Large cucumbers may be prepared in like manner.

Green peaches make the best imitation of the Indian mango.

The other articles are to be separately parboiled (excepting the capsicums) in a brine of salt and water strong enough to bear an egg; taken out and drained, and spread out, and thoroughly dried in the sun, on a stove, or before a fire for a couple of days, and then put into the pickle.

Anything may be put into this pickle, except red cabbage and walnuts.

It will keep several years.

Observations: — To the Indian mango pickle is added a considerable quantity of mustard-seed oil, which would also be an excellent warm ingredient in our salad sauces. (more…)

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17th Century Swedes on the Delaware

The first white settlers within the present bounds of Delaware, as has already been shown in the preceding chapters, and the only white settlers previous to the coming of Penn who made any distinct and durable impress upon the country, were the Swedes. Their first, second and third colonies arrived in 1638 and 1640.

Landing of the Finns and Swedes in Delaware

Landing of the Finns and Swedes in Delaware

The Swedes on the Delaware have sometimes been reproached as a lazy people because they did not clear the forests at a rapid rate, nor build themselves fine houses. But this is not the character which Penn gives them, nor that to which their performances entitle them.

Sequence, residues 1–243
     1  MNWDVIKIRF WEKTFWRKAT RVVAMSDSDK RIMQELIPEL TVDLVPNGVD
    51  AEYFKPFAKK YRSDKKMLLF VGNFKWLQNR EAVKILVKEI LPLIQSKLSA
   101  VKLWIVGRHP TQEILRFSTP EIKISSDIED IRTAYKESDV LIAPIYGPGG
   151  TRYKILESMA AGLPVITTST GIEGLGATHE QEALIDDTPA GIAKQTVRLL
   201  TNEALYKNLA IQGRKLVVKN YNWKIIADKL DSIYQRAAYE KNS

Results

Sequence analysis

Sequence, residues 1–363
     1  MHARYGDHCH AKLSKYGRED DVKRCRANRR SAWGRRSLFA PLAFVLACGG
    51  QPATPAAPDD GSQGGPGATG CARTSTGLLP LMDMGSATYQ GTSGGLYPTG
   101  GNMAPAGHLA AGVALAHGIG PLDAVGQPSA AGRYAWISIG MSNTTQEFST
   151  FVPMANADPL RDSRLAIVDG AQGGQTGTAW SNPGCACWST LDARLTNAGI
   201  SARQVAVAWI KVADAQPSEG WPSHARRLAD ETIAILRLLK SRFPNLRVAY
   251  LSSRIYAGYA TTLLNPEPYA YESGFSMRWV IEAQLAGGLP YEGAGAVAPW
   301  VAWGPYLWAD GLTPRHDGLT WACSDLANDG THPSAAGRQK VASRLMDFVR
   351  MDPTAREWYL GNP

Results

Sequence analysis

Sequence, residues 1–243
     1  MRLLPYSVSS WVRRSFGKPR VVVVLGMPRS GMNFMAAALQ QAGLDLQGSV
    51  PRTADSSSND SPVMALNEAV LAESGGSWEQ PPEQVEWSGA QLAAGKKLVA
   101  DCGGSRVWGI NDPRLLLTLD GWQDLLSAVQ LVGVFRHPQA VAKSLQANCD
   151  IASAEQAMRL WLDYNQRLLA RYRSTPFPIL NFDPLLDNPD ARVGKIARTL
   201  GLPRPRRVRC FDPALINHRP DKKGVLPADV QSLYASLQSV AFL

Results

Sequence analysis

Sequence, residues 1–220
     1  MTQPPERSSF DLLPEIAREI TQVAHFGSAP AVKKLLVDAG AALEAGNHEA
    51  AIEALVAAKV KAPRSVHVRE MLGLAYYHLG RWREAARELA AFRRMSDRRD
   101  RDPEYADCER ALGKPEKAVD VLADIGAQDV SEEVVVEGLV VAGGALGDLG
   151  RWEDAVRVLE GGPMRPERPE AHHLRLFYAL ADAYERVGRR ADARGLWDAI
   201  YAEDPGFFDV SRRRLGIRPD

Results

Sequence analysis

Penn says, “They are a plain, strong, industrious people, yet have made no great progress in the culture or propagation of fruit-trees as if they desired to have enough, not a superfluity.” He speaks also of their respect for authority, adding, “As they are a people proper and strong of body, so they have fine children, and almost every house full; rare to find one of them without three or four boys and as many girls; some six, seven and eight sons. And I must do them that right, I see few men more sober and industrious.”

In speaking of their lack of diversified husbandry, Penn forgot that their leading crop was tobacco, which, being without slaves almost entirely, they had to cultivate with their own hands. Their intelligence must have been at least equal to their loyalty, for they were more than fully represented, on the basis of comparative population, in all the early assemblies, councils and magistrates’ courts, under Lovelace and Penn, and they were the only interpreters Penn could get in his intercourse with the Indians. They were not devoid, moreover, of what would nowadays be esteemed remarkable industrial enterprise.


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Hints for Home Comforts from 1855